similar chemical properties - slightly different physical properties


STRUCTURAL ISOMERISM - INTRODUCTION

  • COMPOUNDS HAVE THE SAME MOLECULAR FORMULA

  • BUT DIFFERENT STRUCTURAL FORMULA

  • Chain different arrangements of the carbon skeleton

  • similar chemical properties

  • slightly different physical properties

  • more branching = lower boiling point

  • Positional same carbon skeleton

  • same functional group

  • functional group is in a different position

  • similar chemical properties - slightly different physical properties

  • FunctionalGroup different functional group

  • different chemical properties

  • different physical properties

  • Sometimes more than one type of isomerism occurs in the same molecule.

  • The more carbon atoms there are, the greater the number of possible isomers


STRUCTURAL ISOMERISM - CHAIN

caused by different arrangements of the carbon skeleton

similar chemical properties

slightly different physical properties

more branching = lower boiling point

There are two structural isomers of C4H10. One is a straight chain molecule where all the carbon atoms are in a single row. The other is a branched molecule where three carbon atoms are in a row and one carbon atom sticks out of the main chain.

BUTANE

straight chain

2-METHYLPROPANE

branched

C4H10


STRUCTURAL ISOMERISM - CHAIN

DIFFERENCES BETWEEN CHAIN ISOMERS

ChemicalIsomers show similar chemical properties because

the same functional group is present.

Physical Properties such as density and boiling point show trends according

to the of the degree of branching

Boiling Point“straight” chain isomers have higher values than branched ones

the greater the degree of branching the lower the boiling point

branching decreases the effectiveness of intermolecular forces

less energy has to be put in to separate the molecules

- 0.5°C

straight chain

- 11.7°C

branched

greater branching

= lower boiling point


STRUCTURAL ISOMERISM - POSITIONAL

molecule has the same carbon skeleton

molecule has the same same functional group... BUT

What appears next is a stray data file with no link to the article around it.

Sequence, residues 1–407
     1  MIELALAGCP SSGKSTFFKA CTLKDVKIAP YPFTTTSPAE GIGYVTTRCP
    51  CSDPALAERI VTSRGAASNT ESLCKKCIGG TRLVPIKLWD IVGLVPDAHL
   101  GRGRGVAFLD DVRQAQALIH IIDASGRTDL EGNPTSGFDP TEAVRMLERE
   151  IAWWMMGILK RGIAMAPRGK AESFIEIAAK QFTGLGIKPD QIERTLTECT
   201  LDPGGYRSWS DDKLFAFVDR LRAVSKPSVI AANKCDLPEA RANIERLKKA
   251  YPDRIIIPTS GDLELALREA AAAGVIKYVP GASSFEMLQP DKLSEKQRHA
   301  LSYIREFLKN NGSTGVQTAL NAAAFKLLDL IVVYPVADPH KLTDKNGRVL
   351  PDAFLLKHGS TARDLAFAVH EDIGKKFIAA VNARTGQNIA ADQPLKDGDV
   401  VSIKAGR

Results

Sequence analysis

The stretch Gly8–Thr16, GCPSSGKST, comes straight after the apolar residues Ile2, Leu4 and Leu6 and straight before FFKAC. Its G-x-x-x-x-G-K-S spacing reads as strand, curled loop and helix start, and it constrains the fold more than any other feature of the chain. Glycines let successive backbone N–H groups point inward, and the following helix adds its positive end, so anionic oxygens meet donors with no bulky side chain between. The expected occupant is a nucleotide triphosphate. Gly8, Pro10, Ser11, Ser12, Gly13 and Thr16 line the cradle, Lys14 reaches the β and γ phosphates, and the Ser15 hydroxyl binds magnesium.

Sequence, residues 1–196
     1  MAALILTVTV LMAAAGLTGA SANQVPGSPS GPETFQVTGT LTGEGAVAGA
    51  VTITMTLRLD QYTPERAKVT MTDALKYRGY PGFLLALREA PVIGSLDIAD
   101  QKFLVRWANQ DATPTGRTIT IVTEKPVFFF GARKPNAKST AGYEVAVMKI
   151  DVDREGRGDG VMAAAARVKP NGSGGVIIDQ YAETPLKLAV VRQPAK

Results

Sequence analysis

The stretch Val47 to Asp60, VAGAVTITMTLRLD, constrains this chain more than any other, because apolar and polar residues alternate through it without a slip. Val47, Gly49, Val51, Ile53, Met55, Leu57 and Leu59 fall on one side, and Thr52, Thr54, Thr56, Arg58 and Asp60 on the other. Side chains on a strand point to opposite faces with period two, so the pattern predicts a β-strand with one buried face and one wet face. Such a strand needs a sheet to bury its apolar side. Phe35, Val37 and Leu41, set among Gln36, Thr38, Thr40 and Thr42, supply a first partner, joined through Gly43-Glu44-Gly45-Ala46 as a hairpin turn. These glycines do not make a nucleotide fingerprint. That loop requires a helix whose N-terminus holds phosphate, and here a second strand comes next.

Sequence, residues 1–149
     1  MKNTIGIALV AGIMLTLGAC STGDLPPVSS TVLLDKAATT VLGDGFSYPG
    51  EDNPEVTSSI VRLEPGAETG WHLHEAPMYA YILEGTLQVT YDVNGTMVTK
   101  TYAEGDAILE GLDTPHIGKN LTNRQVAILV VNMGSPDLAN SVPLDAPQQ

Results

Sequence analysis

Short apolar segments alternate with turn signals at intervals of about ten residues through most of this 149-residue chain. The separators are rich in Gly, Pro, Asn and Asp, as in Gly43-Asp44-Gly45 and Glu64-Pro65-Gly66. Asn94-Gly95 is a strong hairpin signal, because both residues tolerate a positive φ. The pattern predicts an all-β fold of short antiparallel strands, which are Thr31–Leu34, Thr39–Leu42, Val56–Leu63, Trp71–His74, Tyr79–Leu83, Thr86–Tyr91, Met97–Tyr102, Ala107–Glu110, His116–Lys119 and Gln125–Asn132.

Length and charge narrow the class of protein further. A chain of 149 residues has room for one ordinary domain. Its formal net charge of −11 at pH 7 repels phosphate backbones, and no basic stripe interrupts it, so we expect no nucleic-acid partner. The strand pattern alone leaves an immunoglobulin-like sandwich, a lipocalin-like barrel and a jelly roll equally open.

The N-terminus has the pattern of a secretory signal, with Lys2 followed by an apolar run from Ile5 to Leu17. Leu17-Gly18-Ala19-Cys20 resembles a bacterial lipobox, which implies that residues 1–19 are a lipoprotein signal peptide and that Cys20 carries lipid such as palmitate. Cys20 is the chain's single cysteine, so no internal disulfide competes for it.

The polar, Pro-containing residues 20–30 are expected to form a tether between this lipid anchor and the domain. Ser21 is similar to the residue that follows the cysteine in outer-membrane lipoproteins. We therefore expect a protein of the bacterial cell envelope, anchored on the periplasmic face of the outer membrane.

the functional group is in a different position

have similar chemical properties / different physical properties

Example 1

POSITION OF A DOUBLE BOND IN ALKENES

1

2

2

3

PENT-1-ENE

double bond between carbons 1 and 2

PENT-2-ENE

double bond between carbons 2 and 3

There are no other isomers with five C’s in the longest chain but there are three other structural isomers with a chain of four carbons plus one in a branch.



Chain isomerism – isomers of pentane


STRUCTURAL ISOMERISM - POSITIONAL

molecule has the same carbon skeleton

molecule has the same same functional group... BUT

the functional group is in a different position

have similar chemical properties / different physical properties

Example 2

POSITION OF A HALOGEN IN A HALOALKANE

BUT

1

2

2

1-CHLOROBUTANE

halogen on carbon 1

2-CHLOROBUTANE

halogen on carbon 2

is NOT

3-CHLOROBUTANE

Moving the chlorine along the chain makes new isomers; the position is measured from the end nearest the functional group... the third example is 2- NOT 3-chlorobutane.

There are 2 more structural isomers of C4H9Cl but they have a longest chain of 3


STRUCTURAL ISOMERISM - POSITIONAL

molecule has the same carbon skeleton

molecule has the same same functional group... BUT

the functional group is in a different position

have similar chemical properties / different physical properties

RELATIVE POSITIONS ON A BENZENE RING

Example 3

1,2-DICHLOROBENZENE

ortho dichlorobenzene

1,3-DICHLOROBENZENE

meta dichlorobenzene

1,4-DICHLOROBENZENE

para dichlorobenzene



Chain and position isomers of

C4H9OH

butan-1-ol

2-methylpropan-1-ol

butan-2-ol

2-methylpropan-1-ol


Chain isomerism – isomers of hexane



STRUCTURAL ISOMERISM – FUNCTIONAL GROUP

molecules have same molecular formula

molecules have different functional groups

molecules have different chemical properties

molecules have different physical properties

ALCOHOLS and ETHERS

ALDEHYDES and KETONES

ACIDS and ESTERS

MORE DETAILS FOLLOW


STRUCTURAL ISOMERISM – FUNCTIONAL GROUP

ALCOHOLS and ETHERS

NameETHANOL METHOXYMETHANE

ClassificationALCOHOLETHER

Functional GroupR-OHR-O-R

Physical propertiespolar O-H bond gives rise No hydrogen bonding

to hydrogen bonding. low boiling point

get higher boiling point insoluble in water

and solubility in water

Chemical properties Lewis base Inert

Wide range of reactions


STRUCTURAL ISOMERISM – FUNCTIONAL GROUP

ALDEHYDES and KETONES

Name PROPANAL PROPANONE

ClassificationALDEHYDEKETONE

FunctionalGroupR-CHOR-CO-R

Physicalpropertiespolar C=O bond gives polar C=O bond gives dipole-dipole interaction dipole-dipole interaction

Chemical properties easily oxidised to acids of undergo oxidation under

same number of carbons extreme conditions only

reduced to 1° alcohols reduced to 2° alcohols